Beyond Images Challenging myths and presenting facts about Israel 
WHY SETTLEMENTS? Israeli arguments for and against
London - published on 9 July 2003
Beyond Images Ref: 25

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This Briefing outlines the arguments used in Israel for and against Israeli settlements in the West Bank and Gaza.

The settlements are certain to be a major issue in future negotiations between Israel and the Palestinians, and it is therefore important to understand the arguments relating to them.

Argument 1:

“Israel is the biblical Promised Land. Israel must retain the West Bank, and continue to establish settlements there”


The basis of the Jewish peoples’ claim to the Land of Israel is biblical.

God promised the Land of Israel to Abraham around 3,500 years ago. According to traditional Jewish belief, that biblical promise applies today. Israel’s existence in that part of the world rests entirely on the biblical claim: otherwise Israel might as well be located in Central Africa or Asia.

The Jews left Egyptian slavery to fulfil God’s promise to them, and always yearned for the Promised Land during their later centuries of forced exile and persecution. The Promised Land includes the entire territory between the Mediterranean and the Jordan River, including what is today called the West Bank. It is the land which was inhabited by the patriarchs Abraham, Isaac and Jacob, the matriarchs Sarah, Rebecca and Rachel, and by King David, Elijah the Prophet and Deborah the Judge.

Towns such as Kiryat Arba (on the outskirts of modern-day Hebron), Beit-El and Efrat are in the West Bank and are labelled as “settlements”, which makes them sound recent. In fact, they all have biblical histories stretching back thousands of years, and have played a central part in Jewish national and religious life. Jews only ever left such places when attacked, killed, or driven out.

According to this argument, from 1967, when Israel took control of the West Bank and Gaza, it has been religiously forbidden for Israel to hand control of any part of the territories over to any other sovereign authority (such as the Palestinian Authority). By contrast, continued Israeli settlement is a religious obligation.

The argument contains a bitter twist. If Israel withdraws, and agrees to Palestinian rule over the West Bank, this would in reality make that area “Judenrein”: an emotive expression for “Jew-free”. Why? Jews would be entitled to live anywhere in the world, but it would be difficult if not impossible for Jews to live in their own Promised Land, given the violently hostile Palestinian attitudes towards Jewish settlements, and Palestinian control over security in those areas.

The above argument in favour of settlements is commonly made by members of Israel’s National Religious Party, by other parties on the Israeli right such as United Torah Judaism, and by most religiously observant members of the Likud party.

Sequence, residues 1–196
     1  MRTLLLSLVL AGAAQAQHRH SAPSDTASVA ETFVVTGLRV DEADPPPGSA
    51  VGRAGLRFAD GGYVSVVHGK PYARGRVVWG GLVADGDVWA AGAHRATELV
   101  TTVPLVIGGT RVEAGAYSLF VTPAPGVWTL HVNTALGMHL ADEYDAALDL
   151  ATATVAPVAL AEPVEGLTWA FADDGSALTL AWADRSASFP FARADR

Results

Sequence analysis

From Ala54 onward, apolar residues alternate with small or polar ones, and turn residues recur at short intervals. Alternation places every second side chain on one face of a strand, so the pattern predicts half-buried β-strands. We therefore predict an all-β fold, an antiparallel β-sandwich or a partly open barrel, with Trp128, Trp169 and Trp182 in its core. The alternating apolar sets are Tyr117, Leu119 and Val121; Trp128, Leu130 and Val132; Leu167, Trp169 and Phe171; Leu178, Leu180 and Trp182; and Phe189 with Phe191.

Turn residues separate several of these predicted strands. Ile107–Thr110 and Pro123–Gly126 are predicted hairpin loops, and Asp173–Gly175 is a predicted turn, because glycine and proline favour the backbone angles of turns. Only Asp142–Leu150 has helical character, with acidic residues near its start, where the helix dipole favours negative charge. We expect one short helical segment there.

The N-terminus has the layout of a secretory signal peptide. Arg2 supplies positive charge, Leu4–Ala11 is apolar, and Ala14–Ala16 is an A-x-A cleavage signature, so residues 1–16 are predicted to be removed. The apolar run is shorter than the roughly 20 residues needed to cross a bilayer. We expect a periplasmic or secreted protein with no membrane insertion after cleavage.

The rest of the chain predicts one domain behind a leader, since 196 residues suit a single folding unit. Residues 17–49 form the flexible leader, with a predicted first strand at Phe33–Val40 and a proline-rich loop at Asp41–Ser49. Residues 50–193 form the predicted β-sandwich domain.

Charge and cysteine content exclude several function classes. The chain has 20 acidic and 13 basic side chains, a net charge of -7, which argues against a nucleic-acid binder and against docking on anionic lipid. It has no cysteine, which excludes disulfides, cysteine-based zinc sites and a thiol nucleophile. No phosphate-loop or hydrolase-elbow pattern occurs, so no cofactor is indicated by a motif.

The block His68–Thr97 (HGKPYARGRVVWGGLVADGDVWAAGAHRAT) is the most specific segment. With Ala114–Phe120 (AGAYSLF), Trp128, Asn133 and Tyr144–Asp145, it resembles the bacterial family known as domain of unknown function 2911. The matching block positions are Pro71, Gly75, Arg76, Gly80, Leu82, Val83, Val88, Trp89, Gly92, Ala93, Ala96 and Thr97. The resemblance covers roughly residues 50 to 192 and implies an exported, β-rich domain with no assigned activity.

Israeli critics say that this religious approach ignores the realities on the ground. While they do not question most Israelis’ sense of attachment to the Promised Land, they argue that Israel should withdraw from the populated parts of the territories.

The reason is simply that it is not feasible to control the entire territory, while the Palestinians claim the right to self-rule on the same territory. If Israel continues to claim the entire biblical land, the country would have to require millions of Arabs, either immediately or at some future date, to live under Israeli sovereignty but without basic democratic rights.

Religiously, therefore, withdrawal is preferable, so long as it is for the sake of a secure peace agreement with the Palestinians. No-one religiously advocates withdrawal if it is only going to give Palestinian terrorist groups more opportunities for attacking Israel.

The religious justification for withdrawal in the context of a peace agreement is clear: the Jewish concept of pikuach nefesh (“saving human life” via a genuine peace agreement) prevails over the concept of Eretz Yisrael Shleima (maintaining the unity of the entire Greater Land of Israel from the River to the Sea).

These arguments are made by politicians such as Minister Rabbi Michael Melchior, and by “doveish” members of religious parties such as the centrist religious party Shas.

Argument 2:

“The Jewish people can only achieve their national redemption and bring the Messiah by retaining the entire biblical Land of Israel”


This is a second religious argument in favour of retaining all the land.

The argument runs as follows. Jews are destined for an everlasting redemption and this can only happen, according to Rabbinical teachings, in the Land of Israel. When redemption comes, the Jews will enjoy peace, security, and spiritual tranquility.

Israel’s creation, so soon after the Nazi Holocaust, marked the beginning of a process of the complete redemption of the Jewish people. The Jews lifted themselves out of tragedy and anguish, and by creating Israel are progressing towards the Messianic age.

The wars of 1948 and 1967 (both of which were forced on the Jewish state) were miraculous. As a result of them Israel assumed control of the biblical territory between the River Jordan and the sea (see Argument 1 above). Settleement activity brings the redemption closer. It is not permissible for Israel to reverse this process by returning land. To stop building settlements would mean a rejection of the Messianic vision.

The majority of religious settlers, and many other religious Jews in Israel, adhere to this argument.

Critique: Not all religious Jews – inside or outside Israel – agree.

The counter-argument is that this vision of redemption has placed too great an emphasis on the acquisition of land, and not enough emphasis on other goals of the Jewish people which need to be pursued in order to achieve redemption.

For example, Rabbinic literature stresses the importance of the unity of the Jewish people as a stepping stone to redemption. If retention of the Promised Land divides the Jewish people politically and ideologically, then by definition this policy cannot bring either redemption or the Messiah.

Likewise, the concept of universal justice is at the core of Jewish religious thinking. Israeli critics of the messianic argument argue that by retaining the entire land, Israel is creating an injustice for the Palestinian Arab population of the territories.